John Fund: Comrades for Net Neutrality

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The powers behind the FCC’s muscling of the Internet

John FundJohn_Fund_via_National_Review writes: Today’s vote by a bitterly divided Federal Communications Commission that the Internet should be regulated as a public utility is the culmination of a decade-long battle by the Left. Using money from George Soros and liberal foundations that totaled at least $196 million, radical activists finally succeeded in ramming through “net neutrality,” or the idea that all data should be transmitted equally over the Internet. The final push involved unprecedented political pressure exerted by the Obama White House on FCC chairman Tom Wheeler, head of an ostensibly independent regulatory body.

“At the moment, the battle over network neutrality is not to completely eliminate the telephone and cable companies. But the ultimate goal is to get rid of the media capitalists in the phone and cable companies and to divest them from control.”

– Robert McChesney, at the website SocialistProject in 2009

“Net neutrality’s goal is to empower the federal government to ration and apportion Internet bandwidth as it sees fit, and to thereby control the Internet’s content,” says Phil Kerpen, an anti-net-neutrality activist from the group American Commitment.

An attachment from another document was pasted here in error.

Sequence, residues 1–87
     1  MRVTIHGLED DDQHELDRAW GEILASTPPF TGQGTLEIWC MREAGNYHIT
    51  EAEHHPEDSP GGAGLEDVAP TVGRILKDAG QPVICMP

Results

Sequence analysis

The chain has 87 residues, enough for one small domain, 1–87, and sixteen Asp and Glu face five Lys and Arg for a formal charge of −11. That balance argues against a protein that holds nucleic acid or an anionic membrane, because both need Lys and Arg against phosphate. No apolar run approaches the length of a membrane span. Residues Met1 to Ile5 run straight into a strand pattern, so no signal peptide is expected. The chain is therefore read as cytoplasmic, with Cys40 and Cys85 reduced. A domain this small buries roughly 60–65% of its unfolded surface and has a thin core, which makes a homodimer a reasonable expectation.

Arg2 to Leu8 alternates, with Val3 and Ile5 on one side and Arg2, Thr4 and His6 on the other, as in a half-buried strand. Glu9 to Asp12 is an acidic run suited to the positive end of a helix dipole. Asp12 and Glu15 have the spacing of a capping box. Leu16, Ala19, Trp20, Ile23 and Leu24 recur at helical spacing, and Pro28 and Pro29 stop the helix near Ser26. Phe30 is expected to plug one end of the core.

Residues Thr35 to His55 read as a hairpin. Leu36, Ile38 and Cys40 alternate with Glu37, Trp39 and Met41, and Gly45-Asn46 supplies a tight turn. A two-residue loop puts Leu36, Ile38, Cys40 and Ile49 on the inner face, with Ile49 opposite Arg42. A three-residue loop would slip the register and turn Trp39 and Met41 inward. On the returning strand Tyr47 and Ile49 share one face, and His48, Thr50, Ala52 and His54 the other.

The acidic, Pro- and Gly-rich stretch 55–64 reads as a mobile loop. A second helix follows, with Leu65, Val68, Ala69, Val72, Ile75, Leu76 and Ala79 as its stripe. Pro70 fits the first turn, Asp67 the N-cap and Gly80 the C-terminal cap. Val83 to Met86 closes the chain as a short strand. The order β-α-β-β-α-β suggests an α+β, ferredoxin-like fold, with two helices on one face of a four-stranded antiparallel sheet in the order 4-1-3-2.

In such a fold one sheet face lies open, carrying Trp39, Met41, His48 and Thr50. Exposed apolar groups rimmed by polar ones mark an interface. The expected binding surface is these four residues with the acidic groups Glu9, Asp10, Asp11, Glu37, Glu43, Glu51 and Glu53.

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“Our job is to make media reform part of our broader struggle for democracy, social justice, and, dare we say it, socialism.”

– Robert McChesney, in an interview with the Marxist magazine Monthly Review

The courts have previously ruled the FCC’s efforts to impose “net neutrality” out of bounds, so the battle isn’t over. But for now, the FCC has granted itself enormous power to micromanage the largely unrestrained Internet.

[read the full text of John Fund‘s article here, at National Review]

Back in the 1990s, the Clinton administration teamed up with Internet pioneers to promote a hands-off approach to the new industry and keep it free from discriminatory taxation. Many still prefer that policy. Nicholas Negroponte, founder of the MIT Media Lab and the charity One Laptop Per Child, says that net neutrality “doesn’t make sense” because “the truth is, not all bits [of data] are created equal.”